Book Image

Learn Quantum Computing with Python and IBM Quantum Experience

By : Robert Loredo
Book Image

Learn Quantum Computing with Python and IBM Quantum Experience

By: Robert Loredo

Overview of this book

IBM Quantum Experience is a platform that enables developers to learn the basics of quantum computing by allowing them to run experiments on a quantum computing simulator and a real quantum computer. This book will explain the basic principles of quantum mechanics, the principles involved in quantum computing, and the implementation of quantum algorithms and experiments on IBM's quantum processors. You will start working with simple programs that illustrate quantum computing principles and slowly work your way up to more complex programs and algorithms that leverage quantum computing. As you build on your knowledge, you’ll understand the functionality of IBM Quantum Experience and the various resources it offers. Furthermore, you’ll not only learn the differences between the various quantum computers but also the various simulators available. Later, you’ll explore the basics of quantum computing, quantum volume, and a few basic algorithms, all while optimally using the resources available on IBM Quantum Experience. By the end of this book, you'll learn how to build quantum programs on your own and have gained practical quantum computing skills that you can apply to your business.
Table of Contents (21 chapters)
Section 1: Tour of the IBM Quantum Experience (QX)
Section 2: Basics of Quantum Computing
Section 3: Algorithms, Noise, and Other Strange Things in Quantum World
Appendix A: Resources

Exploring My Account

In this section, you will explore your account details view, where you will find information about your account and what services are available to you. This includes services such as the ability to view the list of backend systems available to you, notification settings, and resetting your password.

To open the account view, follow these steps:

  1. Click on your avatar at the top right of the dashboard (as highlighted in the following screenshot) and select My Account:
    Figure 1.6 – The My Account option on the dashboard

    Figure 1.6 – The My Account option on the dashboard

  2. Once the My Account view is loaded, you will see a page similar to this:
Figure 1.7 – The My Account view

Figure 1.7 – The My Account view

From the preceding screenshot, you can see that on your account page, you will see the following information sections:

  • Account details: This section has your account and contact information that you used to register. It also includes options such as resetting your password, privacy and security information, and the option to delete your account.
  • Qiskit in IBM Quantum Experience: This includes a quick link to launch a Qiskit notebook to run your experiments. We will review the Qiskit notebook later in this book, but for now, just know that you can launch a Qiskit notebook from here as well.
  • Qiskit in local environment: This section allows you to install Qiskit and run experiments from your local machine without the need to connect to IQX via the cloud. This is exceptionally helpful when you wish to run experiments but do not have access to a network. By running experiments from your local machine, this allows you to run simulators that are installed as part of the Qiskit installation. However, keep in mind that in order to run the experiments on a real quantum device, you will need network connectivity to those real devices.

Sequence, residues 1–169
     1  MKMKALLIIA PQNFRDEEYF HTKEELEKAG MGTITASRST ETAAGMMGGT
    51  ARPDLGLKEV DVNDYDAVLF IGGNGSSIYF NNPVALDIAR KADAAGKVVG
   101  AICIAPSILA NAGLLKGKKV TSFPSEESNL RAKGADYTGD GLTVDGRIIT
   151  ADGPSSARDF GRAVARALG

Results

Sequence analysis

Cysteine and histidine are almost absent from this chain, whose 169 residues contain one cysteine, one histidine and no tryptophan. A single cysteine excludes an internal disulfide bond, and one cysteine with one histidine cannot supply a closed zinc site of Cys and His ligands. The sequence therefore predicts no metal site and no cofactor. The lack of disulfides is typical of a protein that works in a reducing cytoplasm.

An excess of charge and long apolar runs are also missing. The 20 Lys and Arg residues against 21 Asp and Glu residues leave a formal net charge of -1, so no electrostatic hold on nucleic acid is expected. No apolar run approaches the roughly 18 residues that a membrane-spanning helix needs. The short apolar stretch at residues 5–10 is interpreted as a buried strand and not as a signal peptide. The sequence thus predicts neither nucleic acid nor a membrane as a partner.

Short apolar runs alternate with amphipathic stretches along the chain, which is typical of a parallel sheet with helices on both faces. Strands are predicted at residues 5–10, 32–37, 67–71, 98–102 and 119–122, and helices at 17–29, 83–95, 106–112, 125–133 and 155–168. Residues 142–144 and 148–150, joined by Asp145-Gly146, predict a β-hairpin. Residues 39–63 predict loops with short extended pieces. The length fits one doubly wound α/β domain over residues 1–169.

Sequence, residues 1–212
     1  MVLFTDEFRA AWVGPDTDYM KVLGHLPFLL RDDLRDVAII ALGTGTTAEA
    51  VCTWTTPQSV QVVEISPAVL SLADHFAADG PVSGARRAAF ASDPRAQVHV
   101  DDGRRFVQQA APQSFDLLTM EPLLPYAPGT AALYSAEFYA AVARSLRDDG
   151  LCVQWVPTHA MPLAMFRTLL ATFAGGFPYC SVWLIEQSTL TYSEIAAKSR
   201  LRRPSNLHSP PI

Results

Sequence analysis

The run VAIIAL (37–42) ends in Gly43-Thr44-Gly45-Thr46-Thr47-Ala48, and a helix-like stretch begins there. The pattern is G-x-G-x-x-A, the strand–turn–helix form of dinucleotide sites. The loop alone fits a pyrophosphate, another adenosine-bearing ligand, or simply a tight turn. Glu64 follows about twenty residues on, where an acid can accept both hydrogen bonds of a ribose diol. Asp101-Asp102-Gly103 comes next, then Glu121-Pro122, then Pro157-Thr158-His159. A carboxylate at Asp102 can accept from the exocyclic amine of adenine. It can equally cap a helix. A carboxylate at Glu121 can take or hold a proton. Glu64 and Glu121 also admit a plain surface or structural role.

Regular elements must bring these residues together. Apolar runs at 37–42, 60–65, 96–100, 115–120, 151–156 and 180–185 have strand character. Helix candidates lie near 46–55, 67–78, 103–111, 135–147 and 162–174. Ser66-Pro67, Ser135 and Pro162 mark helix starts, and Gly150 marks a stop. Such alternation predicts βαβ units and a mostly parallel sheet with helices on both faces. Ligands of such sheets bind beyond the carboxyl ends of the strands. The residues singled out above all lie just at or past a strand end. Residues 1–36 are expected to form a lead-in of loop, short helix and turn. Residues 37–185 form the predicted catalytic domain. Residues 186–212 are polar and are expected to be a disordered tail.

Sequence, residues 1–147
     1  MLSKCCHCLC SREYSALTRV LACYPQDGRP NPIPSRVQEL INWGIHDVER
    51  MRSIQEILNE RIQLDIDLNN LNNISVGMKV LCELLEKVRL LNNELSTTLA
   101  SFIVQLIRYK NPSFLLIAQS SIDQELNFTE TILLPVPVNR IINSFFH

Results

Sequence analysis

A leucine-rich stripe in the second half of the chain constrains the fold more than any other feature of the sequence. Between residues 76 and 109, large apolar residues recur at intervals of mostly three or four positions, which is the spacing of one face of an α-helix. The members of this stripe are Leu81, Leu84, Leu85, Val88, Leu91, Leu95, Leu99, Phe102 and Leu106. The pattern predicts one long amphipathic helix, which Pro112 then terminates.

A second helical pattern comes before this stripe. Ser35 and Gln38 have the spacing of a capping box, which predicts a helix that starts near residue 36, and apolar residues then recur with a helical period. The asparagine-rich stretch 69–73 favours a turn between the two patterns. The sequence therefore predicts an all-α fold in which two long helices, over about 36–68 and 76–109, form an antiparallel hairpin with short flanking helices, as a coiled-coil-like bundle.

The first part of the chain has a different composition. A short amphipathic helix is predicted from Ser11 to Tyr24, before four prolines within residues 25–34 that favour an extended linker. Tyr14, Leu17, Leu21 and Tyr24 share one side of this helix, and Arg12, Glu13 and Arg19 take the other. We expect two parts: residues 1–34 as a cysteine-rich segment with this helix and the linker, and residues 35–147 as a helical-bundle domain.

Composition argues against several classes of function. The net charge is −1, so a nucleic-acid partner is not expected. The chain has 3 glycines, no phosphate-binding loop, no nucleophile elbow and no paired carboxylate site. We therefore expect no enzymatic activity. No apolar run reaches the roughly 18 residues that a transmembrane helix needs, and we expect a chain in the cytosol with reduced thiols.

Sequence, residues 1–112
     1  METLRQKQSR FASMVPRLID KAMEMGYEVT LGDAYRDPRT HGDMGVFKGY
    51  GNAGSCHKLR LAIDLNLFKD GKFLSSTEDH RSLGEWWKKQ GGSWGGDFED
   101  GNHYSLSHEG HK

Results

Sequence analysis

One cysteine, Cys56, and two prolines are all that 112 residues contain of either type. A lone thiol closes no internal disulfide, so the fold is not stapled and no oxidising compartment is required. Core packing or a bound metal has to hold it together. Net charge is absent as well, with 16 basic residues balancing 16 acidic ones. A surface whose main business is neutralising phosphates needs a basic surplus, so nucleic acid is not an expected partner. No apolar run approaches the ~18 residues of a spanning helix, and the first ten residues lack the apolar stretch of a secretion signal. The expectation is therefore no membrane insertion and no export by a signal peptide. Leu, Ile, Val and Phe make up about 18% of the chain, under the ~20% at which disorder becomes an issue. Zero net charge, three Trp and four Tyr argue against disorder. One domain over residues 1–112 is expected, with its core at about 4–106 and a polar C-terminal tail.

If you want to run the experiments on a real device from your local machine, then you will need to copy the token (highlighted in Figure 1.7) that was generated for you in the background. You should then assign it to the Qiskit IBMQ provider class. Details of the IBMQ provider class will be discussed in Chapter 9, Executing Circuits Using Qiskit Aer, but for now, this is where you can copy the Application Programming Interface (API) token.

    Also, note that there is an option to regenerate the API token. If you choose to regenerate the token, you will need to delete your old token and save the regenerated one in your local IBMQ provider class. The save account method of the IBMQ provider class will persist the value in your local machine, so you will only have to save it once and then load the account each time you wish to use a real quantum device for your experiment.

    Since this book is written primarily for use on the IBM Quantum Experience site, we will cover running and setting up on your local machine. Just in case you happen to not have network connectivity, you can still run simulated experiments locally.

  • Notification Settings: This section simply allows you to set your notifications and how you prefer to receive information, such as when experiments have completed or other information or surveys that you wish to contribute.
  • Your accounts: This last section toward the bottom of the My Account view is an overview of the accounts that you have and a list of the provisioned systems you have access to. These provisions are selected and assigned as part of the sign-up process. This includes information such as when you first signed up, the project that you are associated with (main is usually the default project), provider information, and the allocated backend systems that you have access to. These allocated backends that you can see are either real devices, such as ibmq_16_melbourne, or simulators, such as ibmq_qasm_simulator, which are running on the IQX cloud. We will discuss the details of the simulators and devices in later chapters.

Now that we are done with our tour of the IBM Quantum Experience layout, we're ready to get to work. In the following chapters, we will delve into each section and progress to writing quantum programs.